Rob Vetter is technical director and managing partner with the Ives Training Group, in Blaine, WA, USA, a leader in North American mobile equipment training systems since 1981.
Operating a forklift without proper training is hazardous and possibly fatal to operators and other workers. This is a statement of fact that should not be breaking news to anyone reading this; particularly those who operate businesses that use forklifts. Most reasonable-minded people should agree with that and move on, but I am bitterly disappointed to report that, in my experience at least, this is not the case.
Yes, here we are almost 20 years down the road from the implementation of OSHA's Powered Industrial Truck Operator Training Standard and other equally, if not more stringent, operator-related regulations across the US and Canada, and there are still many who are unaware, resistant or, worse, indifferent toward them.
As a trainer, I am programmed to be patient, approachable and accommodating. However, in the context of this article, I respectfully request your accommodation of my considered opinion on the matter, which is: if you operate a business that uses forklifts and are unaware of, resistant to or indifferent toward operator training regulations in this day and age, then you are incompetent, reckless or criminally negligent. From my perspective, you should relinquish your position to those more capable of and invested in creating and maintaining a safe workplace.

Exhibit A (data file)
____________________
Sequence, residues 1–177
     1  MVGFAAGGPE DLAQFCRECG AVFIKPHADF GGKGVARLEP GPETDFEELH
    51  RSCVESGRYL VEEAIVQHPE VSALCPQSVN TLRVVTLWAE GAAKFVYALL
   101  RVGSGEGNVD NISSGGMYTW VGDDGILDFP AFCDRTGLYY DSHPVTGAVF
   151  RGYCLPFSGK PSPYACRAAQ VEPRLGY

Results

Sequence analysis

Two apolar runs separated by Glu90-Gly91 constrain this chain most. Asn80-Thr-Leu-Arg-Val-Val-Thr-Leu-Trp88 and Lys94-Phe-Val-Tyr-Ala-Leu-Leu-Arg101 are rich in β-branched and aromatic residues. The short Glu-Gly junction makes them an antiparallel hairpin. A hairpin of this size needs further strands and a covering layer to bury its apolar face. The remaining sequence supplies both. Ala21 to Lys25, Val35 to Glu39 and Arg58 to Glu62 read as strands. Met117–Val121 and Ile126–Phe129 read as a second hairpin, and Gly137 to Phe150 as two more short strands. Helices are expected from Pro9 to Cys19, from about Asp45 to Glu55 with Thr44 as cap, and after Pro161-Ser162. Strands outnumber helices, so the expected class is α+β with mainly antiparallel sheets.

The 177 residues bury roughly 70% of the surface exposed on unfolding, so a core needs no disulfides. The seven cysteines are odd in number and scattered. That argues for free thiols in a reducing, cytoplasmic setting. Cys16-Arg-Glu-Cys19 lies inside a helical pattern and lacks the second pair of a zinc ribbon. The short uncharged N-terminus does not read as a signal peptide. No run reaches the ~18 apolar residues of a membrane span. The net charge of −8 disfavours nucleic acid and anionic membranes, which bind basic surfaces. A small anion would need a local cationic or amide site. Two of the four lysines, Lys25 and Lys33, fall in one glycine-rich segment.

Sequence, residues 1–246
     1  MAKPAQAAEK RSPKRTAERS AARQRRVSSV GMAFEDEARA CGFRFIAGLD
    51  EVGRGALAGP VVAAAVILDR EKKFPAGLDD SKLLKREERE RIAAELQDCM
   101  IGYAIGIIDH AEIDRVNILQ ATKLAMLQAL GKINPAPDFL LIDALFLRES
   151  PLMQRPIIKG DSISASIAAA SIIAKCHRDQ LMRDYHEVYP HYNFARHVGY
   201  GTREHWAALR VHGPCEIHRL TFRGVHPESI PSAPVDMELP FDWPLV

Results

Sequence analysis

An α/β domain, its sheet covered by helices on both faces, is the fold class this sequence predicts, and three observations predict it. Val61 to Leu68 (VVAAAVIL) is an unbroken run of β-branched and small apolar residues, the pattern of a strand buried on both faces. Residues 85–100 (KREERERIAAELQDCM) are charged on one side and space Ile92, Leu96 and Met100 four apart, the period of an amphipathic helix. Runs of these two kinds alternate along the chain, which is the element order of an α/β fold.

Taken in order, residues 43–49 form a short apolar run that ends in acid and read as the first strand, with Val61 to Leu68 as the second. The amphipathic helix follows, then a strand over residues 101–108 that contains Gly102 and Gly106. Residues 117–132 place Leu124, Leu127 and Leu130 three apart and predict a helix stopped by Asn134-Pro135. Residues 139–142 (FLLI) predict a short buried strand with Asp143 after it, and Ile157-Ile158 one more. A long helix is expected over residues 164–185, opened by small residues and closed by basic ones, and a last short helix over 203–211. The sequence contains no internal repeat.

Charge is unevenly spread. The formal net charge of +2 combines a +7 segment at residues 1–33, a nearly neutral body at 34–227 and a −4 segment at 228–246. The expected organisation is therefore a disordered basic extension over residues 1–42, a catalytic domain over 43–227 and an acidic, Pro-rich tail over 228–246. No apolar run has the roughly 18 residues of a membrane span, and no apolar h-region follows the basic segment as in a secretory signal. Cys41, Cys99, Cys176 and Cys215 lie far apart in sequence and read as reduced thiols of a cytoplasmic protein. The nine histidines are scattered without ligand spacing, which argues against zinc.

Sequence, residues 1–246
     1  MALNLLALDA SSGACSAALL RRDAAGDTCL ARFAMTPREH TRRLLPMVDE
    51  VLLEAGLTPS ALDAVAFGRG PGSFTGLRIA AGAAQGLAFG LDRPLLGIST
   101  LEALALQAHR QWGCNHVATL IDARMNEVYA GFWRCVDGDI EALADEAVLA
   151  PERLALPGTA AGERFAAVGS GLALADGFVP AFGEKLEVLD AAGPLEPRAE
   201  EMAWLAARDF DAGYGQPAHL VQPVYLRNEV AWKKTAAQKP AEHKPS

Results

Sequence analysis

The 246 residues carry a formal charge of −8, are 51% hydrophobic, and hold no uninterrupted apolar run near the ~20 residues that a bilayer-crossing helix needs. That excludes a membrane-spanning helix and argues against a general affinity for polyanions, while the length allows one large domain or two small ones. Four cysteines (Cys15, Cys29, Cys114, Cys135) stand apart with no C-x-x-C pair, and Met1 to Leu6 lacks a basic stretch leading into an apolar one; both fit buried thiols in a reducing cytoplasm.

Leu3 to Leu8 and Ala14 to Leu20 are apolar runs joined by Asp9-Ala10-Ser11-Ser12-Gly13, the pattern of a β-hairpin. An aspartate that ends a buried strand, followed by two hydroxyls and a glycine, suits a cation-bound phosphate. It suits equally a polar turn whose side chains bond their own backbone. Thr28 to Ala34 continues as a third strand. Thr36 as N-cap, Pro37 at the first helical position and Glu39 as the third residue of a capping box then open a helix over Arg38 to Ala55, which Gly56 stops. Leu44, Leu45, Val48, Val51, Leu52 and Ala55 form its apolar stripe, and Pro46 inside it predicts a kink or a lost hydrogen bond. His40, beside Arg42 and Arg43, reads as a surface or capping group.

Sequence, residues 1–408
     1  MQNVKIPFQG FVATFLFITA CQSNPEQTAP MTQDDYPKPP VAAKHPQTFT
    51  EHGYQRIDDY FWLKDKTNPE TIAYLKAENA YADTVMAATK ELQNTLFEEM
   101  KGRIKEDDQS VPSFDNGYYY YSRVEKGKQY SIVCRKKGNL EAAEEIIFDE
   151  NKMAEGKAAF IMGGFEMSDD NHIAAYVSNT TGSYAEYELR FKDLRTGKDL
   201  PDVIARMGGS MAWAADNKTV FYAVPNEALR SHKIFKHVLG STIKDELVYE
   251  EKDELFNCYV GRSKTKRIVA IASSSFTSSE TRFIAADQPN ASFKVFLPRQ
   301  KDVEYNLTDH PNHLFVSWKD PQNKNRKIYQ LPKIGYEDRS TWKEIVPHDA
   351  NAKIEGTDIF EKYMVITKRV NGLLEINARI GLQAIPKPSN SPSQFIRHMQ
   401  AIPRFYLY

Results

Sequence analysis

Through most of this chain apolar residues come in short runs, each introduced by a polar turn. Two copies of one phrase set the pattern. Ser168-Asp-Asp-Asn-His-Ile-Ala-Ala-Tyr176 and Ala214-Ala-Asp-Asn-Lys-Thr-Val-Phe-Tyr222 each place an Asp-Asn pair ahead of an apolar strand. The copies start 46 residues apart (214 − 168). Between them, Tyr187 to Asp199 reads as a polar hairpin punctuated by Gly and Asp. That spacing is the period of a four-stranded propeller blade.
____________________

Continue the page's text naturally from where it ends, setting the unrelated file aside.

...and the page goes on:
Many regulatory enforcement officers and consultants I have worked with personally over my career would likely take a stance on the matter that goes beyond simple relinquishment of one's position and skews toward measures that are a lot more punitive. Their reaction to negligent employers often reminds me of a remark a police officer once made to me in relation to drunk drivers. I was graduating from high school and he had come there to give a speech cautioning us grads on the dangers of impaired driving. He said that after all the horrific scenes and tragedies created by impaired drivers that he had witnessed in his time, he had reached the point where he "hated" drunk drivers. If you could have seen the look in his eyes as he spoke the words, as I did, all those years ago, you'd certainly think twice!
Keep in mind that like police officers, regulatory officers investigate fatality scenes that are every bit as horrifying and tragic. I can assure you they have absolutely no sympathy for supervisors, managers or employers who are not "with the program".
Likewise, when training, I find myself having little if any time for those I encounter who choose to argue and rail against not only safety rules and regulations, but it would seem the very concept of doing things safely. It's just too late in the day to claim ignorance and, frankly, I am no longer willing to put forth the effort needed to mount an argument in favour of safety with anyone that would expend an effort to argue against it.
Don't misunderstand me. I will happily take the time with a would-be operator or forklift trainer to explain the benefits of safety and hopefully provide the motivation to be safe. But as soon as I get a whiff that operators, trainers or employers think the whole thing is just a big bunch of bull**** (their word, not mine), you lose me as an ally. To them I say, for the sake of your own safety and everyone around you, don't do it. To operators, that means don't operate a forklift; to trainers, it means don't take up training as a vocation; and to employers, it means, well - just don't.
There are no excuses. It's time to get with the program, or go away.